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Unusual Rigging is 'Simply the Best' for new Tina Turner musical at the Aldwych
UK – The world premiere of the new musical Tina – The Tina Turner Musical had its official opening night in the West End on 17th April at the Aldwych Theatre. Directed by Phyllida Lloyd, the production charts Turner's journey from humble beginnings in Nutbush, Tennessee, to her transformation into the global queen of rock & roll. Production manager Sacha Milroy knew that rigging the show successfully required a sound knowledge of the theatre and so turned to Unusual Rigging to handle the project.
"This is actually the first time I've worked with Unusual," said Sacha. "Of course I've known of them for many years and Simon Stone, who is senior project manager at Unusual, has a great reputation which precedes him. I was also aware of all the amazing work they'd done to transform the grid of the Aldwych Theatre for Beautiful – The Carole King Musical.
“The challenge we had with Tina – The Tina Turner Musical was that this show had a huge amount of flying. We needed to estimate the weights of all the flying elements, work out how to fit it all in the grid and decide which pieces to fly manually with the in-house counterweight system and which to automate. It entailed putting in five large intermediate trusses that fixed directly into the walls of the theatre to rig the four automated LX trusses and a 10m x 6m LED wall from and derigging and diverting every single one of the 40 in-house cradles. "We drew up a groundplan of all the flown pieces and explained to Simon and his colleague Jeremy Featherstone (an engineering genius) what we wanted to achieve. They found a way of solving everything we threw at them and nothing was ever a problem."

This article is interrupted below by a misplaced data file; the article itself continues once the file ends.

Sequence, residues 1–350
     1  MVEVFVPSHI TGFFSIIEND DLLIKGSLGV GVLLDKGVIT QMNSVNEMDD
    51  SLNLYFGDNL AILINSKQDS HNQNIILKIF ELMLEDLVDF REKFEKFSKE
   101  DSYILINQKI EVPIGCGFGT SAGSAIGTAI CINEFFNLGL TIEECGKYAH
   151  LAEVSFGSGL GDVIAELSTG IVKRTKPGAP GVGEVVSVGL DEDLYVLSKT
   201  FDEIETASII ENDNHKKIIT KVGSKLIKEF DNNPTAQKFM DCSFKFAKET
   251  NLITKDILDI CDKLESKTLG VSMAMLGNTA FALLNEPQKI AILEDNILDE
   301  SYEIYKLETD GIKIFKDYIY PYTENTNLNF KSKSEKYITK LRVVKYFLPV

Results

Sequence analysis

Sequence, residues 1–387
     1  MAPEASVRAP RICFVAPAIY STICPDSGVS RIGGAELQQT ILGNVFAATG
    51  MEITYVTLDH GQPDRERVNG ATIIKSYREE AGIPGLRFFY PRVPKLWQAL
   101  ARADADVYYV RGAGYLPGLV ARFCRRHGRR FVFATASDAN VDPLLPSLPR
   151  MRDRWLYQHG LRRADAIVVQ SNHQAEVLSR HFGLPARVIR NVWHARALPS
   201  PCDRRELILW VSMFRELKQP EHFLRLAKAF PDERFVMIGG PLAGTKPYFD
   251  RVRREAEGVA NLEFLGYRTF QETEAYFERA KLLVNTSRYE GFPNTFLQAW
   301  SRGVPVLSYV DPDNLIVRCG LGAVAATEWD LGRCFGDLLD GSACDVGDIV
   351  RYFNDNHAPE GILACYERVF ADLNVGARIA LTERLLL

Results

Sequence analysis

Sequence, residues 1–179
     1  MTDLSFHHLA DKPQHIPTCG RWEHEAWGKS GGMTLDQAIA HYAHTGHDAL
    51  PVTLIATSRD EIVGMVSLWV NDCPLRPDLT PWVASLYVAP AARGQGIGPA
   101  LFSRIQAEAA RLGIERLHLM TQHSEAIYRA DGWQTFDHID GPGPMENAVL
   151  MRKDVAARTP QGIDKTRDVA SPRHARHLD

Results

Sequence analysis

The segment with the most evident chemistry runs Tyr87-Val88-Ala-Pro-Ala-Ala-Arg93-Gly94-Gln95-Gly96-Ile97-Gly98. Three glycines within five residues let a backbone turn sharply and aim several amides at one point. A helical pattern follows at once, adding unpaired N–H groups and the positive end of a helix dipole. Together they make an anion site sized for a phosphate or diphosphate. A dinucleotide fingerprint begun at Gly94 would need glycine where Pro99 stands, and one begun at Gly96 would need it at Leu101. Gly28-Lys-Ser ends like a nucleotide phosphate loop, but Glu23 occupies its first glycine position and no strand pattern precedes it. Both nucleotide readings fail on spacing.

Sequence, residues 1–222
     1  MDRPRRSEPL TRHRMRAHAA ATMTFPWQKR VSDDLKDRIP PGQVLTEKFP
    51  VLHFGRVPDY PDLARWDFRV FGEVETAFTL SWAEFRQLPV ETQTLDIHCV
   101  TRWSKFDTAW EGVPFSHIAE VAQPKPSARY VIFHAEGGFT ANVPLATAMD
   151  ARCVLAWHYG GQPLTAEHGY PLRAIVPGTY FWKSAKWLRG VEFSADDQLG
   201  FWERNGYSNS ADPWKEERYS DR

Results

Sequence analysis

Set-wise, Sacha admits the production has relatively traditional scenic elements, but the complexity was in fitting it all in the theatre – it’s a very busy show and every inch of the theatre is used including the basement and sub-basement! "We have a series of lifts that come up through the floor with doors and walls that get changed below stage, a ring revolve, a very large LX and sound rig, an automated band truck and lots of flown scenic elements – it’s a very busy automation show. Simon and Jeremy were fantastic at helping us decide which flown pieces we should automate and which should be manually flown. They also helped us figure out how to rig a complicated FOH advance bar with lots of lighting and sound equipment and a large LED screen. We had only a few holes in the auditorium ceiling to put the pick ups through and needed additional steelwork in the roof void to rig the hoists in the correct position. The show looks deceptively straight forward from the audience's perspective, but Unusual’s know-how was instrumental in making it all work."
She concluded: "I've never known a team like Unusual. They appear on the first day – and after that they're like little invisible elves – they disappear into the roof, you rarely see them again until they reappear a couple of weeks later saying they’re done in the grid and then you see the results of their amazing work! It's been a huge collaborative effort and great fun working with them. We have achieved everything we hoped we could for this production. Throughout the project, they’ve been a pleasure to work with – if a problem arises, they are always positive and upbeat and they focus on how best to get the result that is required. Quite often you find people get frustrated when elements of the show are constantly changing, but that's the nature of what we do – elements of the design always change and evolve and with Unusual's attitude, there is always a way through it. I cannot recommend them highly enough and will definitely be looking to work with them on projects in the future!"
photo: Manuel Harlan
4th May 2018
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